- Each group should turn in its short list at the end of class with a brief written rationale for each title on the list. Prepare for the next session by collecting copies of short-listed titles along with a preliminary set of secondary resources on each one. Alternatively, assign students to compile such resources. Use the Online Resources for Student Research and Teacher Web resources as starting points for resource compilation.
- Inform students that in this session they will research their short-listed titles by consulting book reviews, professionally prepared discussion guides, critical essays, author statements or interviews, or other resources in order to select a single title (or a set of titles) that best fits the class criteria for relevance. If necessary, teachers might establish a set number of sources or a specific list of types of sources that students are required to consult.
- Depending on available resources, students could peruse copies of short-listed titles checked out from the classroom, school, or local library, reading excerpts and examining the way the book is packaged. If students have access to computers, they could search online for background information on short-listed titles through author Websites and book review blogs using sites recommended on the Online Resources for Student Research. If students do not have computer access, they might consult a packet of book reviews and author information provided by the teacher.
- Distribute copies of the Research Evaluation Sheet and stress to students these large questions to consider while they conducting research:
- What is the book about?
- What themes or big questions does this book explore?
- What aspects of the book might be considered controversial or need defending?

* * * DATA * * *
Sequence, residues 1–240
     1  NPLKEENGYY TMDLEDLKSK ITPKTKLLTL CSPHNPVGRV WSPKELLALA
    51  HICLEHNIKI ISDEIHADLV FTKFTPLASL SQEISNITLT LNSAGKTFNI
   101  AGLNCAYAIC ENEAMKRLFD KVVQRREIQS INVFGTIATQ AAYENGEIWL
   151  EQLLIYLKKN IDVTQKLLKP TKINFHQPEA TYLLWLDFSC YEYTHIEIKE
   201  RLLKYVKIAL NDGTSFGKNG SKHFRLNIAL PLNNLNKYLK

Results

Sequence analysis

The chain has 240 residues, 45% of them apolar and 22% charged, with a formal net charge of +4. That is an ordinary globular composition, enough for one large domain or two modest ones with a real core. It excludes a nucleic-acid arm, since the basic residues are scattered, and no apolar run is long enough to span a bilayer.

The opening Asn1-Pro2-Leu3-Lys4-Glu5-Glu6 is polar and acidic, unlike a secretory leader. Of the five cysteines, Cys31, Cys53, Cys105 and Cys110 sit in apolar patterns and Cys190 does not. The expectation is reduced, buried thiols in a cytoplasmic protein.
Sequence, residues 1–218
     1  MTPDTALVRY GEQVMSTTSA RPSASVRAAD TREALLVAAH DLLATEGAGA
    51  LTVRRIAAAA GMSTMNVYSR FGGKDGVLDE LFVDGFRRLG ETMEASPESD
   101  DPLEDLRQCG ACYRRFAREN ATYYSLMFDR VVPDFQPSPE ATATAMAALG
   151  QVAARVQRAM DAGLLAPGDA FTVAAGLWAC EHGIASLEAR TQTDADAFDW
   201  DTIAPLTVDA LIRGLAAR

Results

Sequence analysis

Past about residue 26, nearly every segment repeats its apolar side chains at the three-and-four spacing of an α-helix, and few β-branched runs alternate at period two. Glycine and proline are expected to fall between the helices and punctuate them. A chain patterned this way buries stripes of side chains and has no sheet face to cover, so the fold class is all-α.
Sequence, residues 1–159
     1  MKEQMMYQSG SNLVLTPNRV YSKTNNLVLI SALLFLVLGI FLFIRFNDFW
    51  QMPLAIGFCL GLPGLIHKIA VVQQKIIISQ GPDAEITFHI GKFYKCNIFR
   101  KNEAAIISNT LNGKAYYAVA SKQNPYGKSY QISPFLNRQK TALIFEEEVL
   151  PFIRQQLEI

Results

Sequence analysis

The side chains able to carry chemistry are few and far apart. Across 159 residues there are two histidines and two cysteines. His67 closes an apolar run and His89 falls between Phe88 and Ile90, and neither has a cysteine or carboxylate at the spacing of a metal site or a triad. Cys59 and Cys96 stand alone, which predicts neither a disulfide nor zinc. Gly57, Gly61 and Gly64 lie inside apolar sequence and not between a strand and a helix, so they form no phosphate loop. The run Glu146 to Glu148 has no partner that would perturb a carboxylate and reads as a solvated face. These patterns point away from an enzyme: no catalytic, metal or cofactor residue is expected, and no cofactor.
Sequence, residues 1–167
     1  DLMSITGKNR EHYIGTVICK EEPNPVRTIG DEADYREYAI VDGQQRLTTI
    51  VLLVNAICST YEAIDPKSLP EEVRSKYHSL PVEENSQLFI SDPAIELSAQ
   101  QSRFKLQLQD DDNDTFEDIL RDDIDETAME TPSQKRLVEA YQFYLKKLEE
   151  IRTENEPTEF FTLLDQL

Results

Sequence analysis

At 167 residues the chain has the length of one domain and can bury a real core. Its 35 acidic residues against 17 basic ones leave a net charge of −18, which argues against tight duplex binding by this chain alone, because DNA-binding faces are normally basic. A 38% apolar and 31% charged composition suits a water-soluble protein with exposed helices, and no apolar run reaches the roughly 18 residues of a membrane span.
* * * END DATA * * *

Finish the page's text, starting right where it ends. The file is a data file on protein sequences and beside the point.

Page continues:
- What have reviewers said about this book?
- What aspects of this book would appeal to, engage, challenge, and enrich the thinking of teen readers?
- How does this book enhance or extend the existing curriculum?
- What is the book about?
- Ask students to record information from their research on the Research Evaluation Sheet. Students may want to record information on index cards by category: they can store cards for individual books in separate sandwich bags, then sort and rearrange the cards later in the process of shaping their argument.
- As students work, meet with groups to discuss the information they are finding and how it shapes their thinking about the most relevant title on their shortlist.
- Students should discuss, debate, and deliberate in order to select just one title per group to recommend. Groups must provide reasons to support their selection in the form of evidence about the book's merits as recorded on the Research Evaluation Sheet, complemented by student testimonials and explanations of how the book would enhance and extend the existing curriculum.
- Begin the session by reviewing the elements of persuasive writing using the Persuasion Map Planning Sheet. Share with students the Persuasive Letter Rubric to clarify expectations for persuasive letter.
- Then begin a discussion of how a group of teens might convince a curriculum decision-maker to adopt a new title for classroom study. How should a persuasive letter or speech be constructed in order to persuade this audience? List ideas on the board and come to agreement on a set of criteria for this group of persuasive arguments.
- Decide to whom the letter should be addressed by finding out who makes curriculum decisions in this school or district. Do students need to address a department chairperson, an assistant principal, a central office administrator, or some other person? Also, in what form and setting should the argument be presented? Should students write a letter and send it to the administrator in charge? Should they invite the administrator to their classroom in order to present arguments orally? Or should students attend an English department curriculum team meeting and present their arguments publicly? Finally, should the class select the one most persuasive argument to present out of all the group arguments submitted, or should each group have the chance to present its work, allowing the administrator or curriculum team to hear about multiple books? Make decisions about the recipient, the form of argument, and the number of arguments to present based on your local context.